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I think there is also tension between the form of story, which could be long, and the brevity sought with search. We have no patience!

I love your reminder that the real innovation is in uncovering the fact that we all have more of a story to tell than we thought. Thank you.

Very thoughtful post, Valeria.

I think the challenge is to bridge the gap between those searching for answers (as I think we all do when we interact online these days) with those who are telling stories. They're certainly not mutually exclusive categories, but we still see a divide.

It seems the real innovation with social media is that it reminds people that they have more of a story to tell than they think.

@Sean - to me there is still the need for an editor and a storyteller who will take the conversation with users as a to do. What happened, I think, is that it is very difficult to execute - often for the "too many cooks in the kitchen" syndrome.

@Dominic - you are spot on in terms of the commercial side of the equation. Create something that is valuable and package it in a way that can be spread. From an editorial standpoint (which in a cash flow situation like the current one is taking a back seat) I lean more towards more thought out and longer conversations. Most of my posts will attest to that. The approach is about what's in it for them and at first smaller is better. But a conversation and relationship develop over time when meaning is exchanged. For that you need more than micro-media.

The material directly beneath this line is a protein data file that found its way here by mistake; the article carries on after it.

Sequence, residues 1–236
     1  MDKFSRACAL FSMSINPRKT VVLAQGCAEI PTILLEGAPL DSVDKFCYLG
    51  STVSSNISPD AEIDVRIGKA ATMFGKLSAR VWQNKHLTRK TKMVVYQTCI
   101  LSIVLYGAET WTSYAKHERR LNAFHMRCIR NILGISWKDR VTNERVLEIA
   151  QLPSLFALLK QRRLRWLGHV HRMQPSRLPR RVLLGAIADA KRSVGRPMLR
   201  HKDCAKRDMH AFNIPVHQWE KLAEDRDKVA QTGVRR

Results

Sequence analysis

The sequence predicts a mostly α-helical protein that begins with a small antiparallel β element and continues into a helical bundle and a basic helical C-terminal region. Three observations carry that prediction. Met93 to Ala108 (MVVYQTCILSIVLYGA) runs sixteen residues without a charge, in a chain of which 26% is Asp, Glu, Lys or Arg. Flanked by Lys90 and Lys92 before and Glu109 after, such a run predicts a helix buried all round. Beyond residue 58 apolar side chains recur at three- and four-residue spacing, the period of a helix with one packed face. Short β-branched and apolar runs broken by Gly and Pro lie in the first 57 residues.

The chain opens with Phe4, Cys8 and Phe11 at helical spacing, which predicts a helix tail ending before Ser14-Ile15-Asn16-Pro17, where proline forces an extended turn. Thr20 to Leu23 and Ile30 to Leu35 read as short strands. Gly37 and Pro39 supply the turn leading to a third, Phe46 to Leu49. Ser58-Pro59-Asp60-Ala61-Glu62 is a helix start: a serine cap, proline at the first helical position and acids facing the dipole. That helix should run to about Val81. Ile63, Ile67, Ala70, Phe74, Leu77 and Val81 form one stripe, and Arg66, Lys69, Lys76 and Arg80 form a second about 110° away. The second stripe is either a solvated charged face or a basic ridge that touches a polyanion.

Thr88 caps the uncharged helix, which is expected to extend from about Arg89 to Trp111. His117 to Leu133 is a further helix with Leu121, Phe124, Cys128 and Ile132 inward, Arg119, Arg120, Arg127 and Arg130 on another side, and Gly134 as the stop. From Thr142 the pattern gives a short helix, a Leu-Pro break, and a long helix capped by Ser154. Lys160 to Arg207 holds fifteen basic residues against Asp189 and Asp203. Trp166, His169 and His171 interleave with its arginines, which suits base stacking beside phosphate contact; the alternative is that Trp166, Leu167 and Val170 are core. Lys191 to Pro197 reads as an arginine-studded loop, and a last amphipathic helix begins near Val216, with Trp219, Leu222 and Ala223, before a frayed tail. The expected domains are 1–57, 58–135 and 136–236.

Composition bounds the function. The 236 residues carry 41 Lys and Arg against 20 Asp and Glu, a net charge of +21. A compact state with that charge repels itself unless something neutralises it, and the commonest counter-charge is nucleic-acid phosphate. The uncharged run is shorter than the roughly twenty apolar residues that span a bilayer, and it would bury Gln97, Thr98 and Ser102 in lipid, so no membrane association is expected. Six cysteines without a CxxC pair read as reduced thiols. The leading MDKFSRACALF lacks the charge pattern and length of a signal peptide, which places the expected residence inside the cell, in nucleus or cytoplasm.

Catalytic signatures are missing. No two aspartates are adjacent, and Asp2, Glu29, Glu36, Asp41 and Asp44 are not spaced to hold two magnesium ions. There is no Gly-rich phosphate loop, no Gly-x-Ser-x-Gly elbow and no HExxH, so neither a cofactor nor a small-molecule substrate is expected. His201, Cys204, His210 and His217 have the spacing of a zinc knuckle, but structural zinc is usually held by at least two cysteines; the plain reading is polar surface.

@Carolyn Ann - short and simple is hard to do. Simplistic, on the other hand, is easier to achieve. I would shoot for simple, for the record. I see a difference. A poem can be packed with meaning and remain short. Yes, I know, I am comparing pears to apples ;-) There is a place for lengthy and thought-out information, which will by no means take away the implications or unintended consequences of actions or beliefs. The reality is that it is easier to pay attention to something that agrees with our worldview at first. We notice what we're thinking about. But we all know that relationships and knowledge are constantly built and rebuilt, learned and unlearned. With search and story, we lower the barrier of entry and might increase the stickiness, what comes after that is still largely the product of many activities, interactions, and opportunities to take things apart instead of assembling them. In the end we talk with people where they are and how they'd like to be in the conversation as a starting point.

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